Retailers shift their ad spending from TV, radio and print ads to digital ads.
E-retailers have many tools available to measure their business after the fact. But calculating conversion rates and tallying site visitors don’t do much for predicting the future, says Larry Freed, CEO of ForeSee Results.
E-retailers have many tools available to measure events after the fact. But calculating conversion rates and site visitors don’t do much for predicting the future, Larry Freed, CEO of ForeSee Results, told attendees during his presentation at the Internet Retailer 2007 Conference & Exhibition in San Jose, CA.
“Customer satisfaction is the best measure of a web site’s success,” Freed said. “Satisfaction is going to drive conversion and loyalty.”
ForeSee Results uses the University of Michigan’s American Customer Satisfaction Index to measure customers’ happiness with a web site shopping experience. ForeSee is an Ann Arbor, Mich.-based research firm that specializes in online customer satisfaction research.
In February ForeSee surveyed more than 20,000 online “browsers,” or visitors, of Internet Retailer’s Top 100 Web Retailers who might or might not have made a purchase during the previous 14-day period. Visitors also were surveyed just prior to the mid-May publication of the Internet Retailer Top 500 Guide.
Netflix.com and QVC.com lead the top 100 retailers in terms of customer satisfaction with scores of 85 each. Amazon.com (83), Barnes & Noble’s BN.com (82) and DrsFosterandSmith.com (81) comprise the rest of the five sites with scores above 80. The aggregate satisfaction of the top 100 online retailers was 74 on the ACSI’s 100-point scale.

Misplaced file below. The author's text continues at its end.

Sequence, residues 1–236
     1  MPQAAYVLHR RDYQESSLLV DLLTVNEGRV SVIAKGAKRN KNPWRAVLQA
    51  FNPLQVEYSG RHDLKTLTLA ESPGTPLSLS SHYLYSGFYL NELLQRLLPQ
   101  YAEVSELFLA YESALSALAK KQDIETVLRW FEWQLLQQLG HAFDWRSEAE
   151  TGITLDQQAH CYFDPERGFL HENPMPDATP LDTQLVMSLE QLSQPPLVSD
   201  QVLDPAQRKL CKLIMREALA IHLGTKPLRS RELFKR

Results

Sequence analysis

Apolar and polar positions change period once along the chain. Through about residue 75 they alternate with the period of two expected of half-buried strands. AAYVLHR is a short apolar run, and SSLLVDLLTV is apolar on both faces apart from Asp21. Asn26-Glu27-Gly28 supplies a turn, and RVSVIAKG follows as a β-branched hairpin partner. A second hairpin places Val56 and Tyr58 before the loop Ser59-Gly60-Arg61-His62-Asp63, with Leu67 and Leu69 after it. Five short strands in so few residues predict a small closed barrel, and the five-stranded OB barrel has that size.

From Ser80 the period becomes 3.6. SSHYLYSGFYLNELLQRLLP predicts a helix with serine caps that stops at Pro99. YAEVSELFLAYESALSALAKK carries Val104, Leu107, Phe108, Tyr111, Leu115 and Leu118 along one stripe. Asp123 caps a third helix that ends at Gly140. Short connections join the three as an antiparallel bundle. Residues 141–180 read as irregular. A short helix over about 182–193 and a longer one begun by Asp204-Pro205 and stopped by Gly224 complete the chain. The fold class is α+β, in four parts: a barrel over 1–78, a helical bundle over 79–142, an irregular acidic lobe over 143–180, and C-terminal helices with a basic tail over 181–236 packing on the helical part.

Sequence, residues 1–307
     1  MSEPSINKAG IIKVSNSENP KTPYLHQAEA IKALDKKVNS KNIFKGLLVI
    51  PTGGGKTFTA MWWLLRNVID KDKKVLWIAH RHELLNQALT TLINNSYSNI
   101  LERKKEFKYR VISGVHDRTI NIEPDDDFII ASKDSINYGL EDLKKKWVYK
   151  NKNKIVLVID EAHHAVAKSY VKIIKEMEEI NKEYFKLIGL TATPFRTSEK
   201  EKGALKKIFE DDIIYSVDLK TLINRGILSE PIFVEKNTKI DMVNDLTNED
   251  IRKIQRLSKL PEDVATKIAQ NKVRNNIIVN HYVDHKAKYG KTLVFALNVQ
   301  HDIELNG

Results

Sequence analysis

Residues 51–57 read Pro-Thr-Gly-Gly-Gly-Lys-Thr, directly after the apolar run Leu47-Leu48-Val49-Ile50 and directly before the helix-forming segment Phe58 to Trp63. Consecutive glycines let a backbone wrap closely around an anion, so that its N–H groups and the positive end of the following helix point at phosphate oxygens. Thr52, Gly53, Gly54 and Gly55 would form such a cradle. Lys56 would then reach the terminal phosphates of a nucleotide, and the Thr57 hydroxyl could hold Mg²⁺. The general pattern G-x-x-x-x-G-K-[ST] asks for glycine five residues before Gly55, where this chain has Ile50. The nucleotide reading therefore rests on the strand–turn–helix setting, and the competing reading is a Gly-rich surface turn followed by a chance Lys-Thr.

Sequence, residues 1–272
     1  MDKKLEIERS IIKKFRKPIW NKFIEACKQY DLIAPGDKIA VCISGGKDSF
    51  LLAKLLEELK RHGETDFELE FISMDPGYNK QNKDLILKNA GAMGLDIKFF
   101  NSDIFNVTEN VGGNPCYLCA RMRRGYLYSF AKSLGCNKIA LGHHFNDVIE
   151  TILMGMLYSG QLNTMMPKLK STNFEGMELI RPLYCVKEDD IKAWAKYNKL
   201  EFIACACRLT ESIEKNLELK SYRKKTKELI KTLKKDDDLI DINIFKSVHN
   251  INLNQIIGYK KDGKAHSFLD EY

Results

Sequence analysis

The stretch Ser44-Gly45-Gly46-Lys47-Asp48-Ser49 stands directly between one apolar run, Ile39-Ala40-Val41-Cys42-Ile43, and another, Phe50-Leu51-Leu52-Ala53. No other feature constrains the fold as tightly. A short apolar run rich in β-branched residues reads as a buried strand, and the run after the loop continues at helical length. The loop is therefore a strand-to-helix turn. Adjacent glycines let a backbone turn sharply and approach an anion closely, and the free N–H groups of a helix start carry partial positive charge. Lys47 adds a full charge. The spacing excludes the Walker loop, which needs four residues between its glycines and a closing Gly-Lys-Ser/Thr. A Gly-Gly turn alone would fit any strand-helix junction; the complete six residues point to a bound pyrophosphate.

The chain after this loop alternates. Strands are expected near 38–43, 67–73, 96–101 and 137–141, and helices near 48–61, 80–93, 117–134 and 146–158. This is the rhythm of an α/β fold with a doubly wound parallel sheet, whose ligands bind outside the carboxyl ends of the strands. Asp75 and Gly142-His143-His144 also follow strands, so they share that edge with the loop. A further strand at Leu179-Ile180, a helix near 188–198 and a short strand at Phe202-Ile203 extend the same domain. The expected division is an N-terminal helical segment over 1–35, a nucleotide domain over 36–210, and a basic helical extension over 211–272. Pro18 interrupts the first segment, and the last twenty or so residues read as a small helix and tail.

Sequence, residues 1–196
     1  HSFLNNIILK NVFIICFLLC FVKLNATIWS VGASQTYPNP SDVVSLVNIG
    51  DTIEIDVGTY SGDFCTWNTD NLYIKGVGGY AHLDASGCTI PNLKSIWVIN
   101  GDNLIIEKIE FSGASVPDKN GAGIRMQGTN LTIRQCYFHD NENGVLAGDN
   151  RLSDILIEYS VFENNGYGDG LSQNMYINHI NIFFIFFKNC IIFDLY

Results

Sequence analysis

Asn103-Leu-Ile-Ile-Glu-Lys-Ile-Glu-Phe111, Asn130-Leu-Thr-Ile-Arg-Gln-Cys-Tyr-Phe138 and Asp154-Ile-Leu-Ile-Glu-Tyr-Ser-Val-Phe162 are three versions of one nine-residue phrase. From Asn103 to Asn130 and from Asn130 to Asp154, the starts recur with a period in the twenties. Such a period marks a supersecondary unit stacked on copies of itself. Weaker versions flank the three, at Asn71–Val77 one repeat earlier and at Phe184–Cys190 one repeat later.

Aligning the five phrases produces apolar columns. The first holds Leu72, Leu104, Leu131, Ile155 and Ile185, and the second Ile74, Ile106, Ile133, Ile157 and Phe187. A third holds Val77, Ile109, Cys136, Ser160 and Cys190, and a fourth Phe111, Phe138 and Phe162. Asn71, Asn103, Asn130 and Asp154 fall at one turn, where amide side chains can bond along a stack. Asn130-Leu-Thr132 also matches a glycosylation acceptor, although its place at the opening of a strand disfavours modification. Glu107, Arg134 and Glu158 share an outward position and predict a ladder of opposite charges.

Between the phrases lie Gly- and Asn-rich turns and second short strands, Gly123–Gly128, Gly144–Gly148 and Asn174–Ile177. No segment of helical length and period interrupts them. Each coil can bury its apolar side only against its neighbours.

Freed added that the most satisfying sites are almost evenly divided between Internet-only and multi-channel retailers, indicating that multi-channel retailers “are stepping up to the plate and offering a better experience than the web-only companies. The challenge to web-only companies is to stay ahead.”
This year’s Top 500 Guide also featured a new metric, the ForeSee Results/Internet Retailer Purchase Intent Index seeks to quantify how likely web site visitors are to actually make a purchase.
Amazon.com and QVC.com have the highest purchase intent at 88. That means shoppers who visit those retailers are very likely to make a purchase. Nine sites, all multi-channel retailers, have strong purchase intent scores of 85 or higher. The other seven: BN.com (87), AAFES.com -- Army and Air Force Exchange Service -- (86), Costco.com (86), MarketDay.com (86), Target.com (86), LLBean.com (85), and Walmart.com (85).
In addition to predicting purchase motivation, the purchase intent score provides a return on investment tool to help top executives understand the value of their web site, Freed added.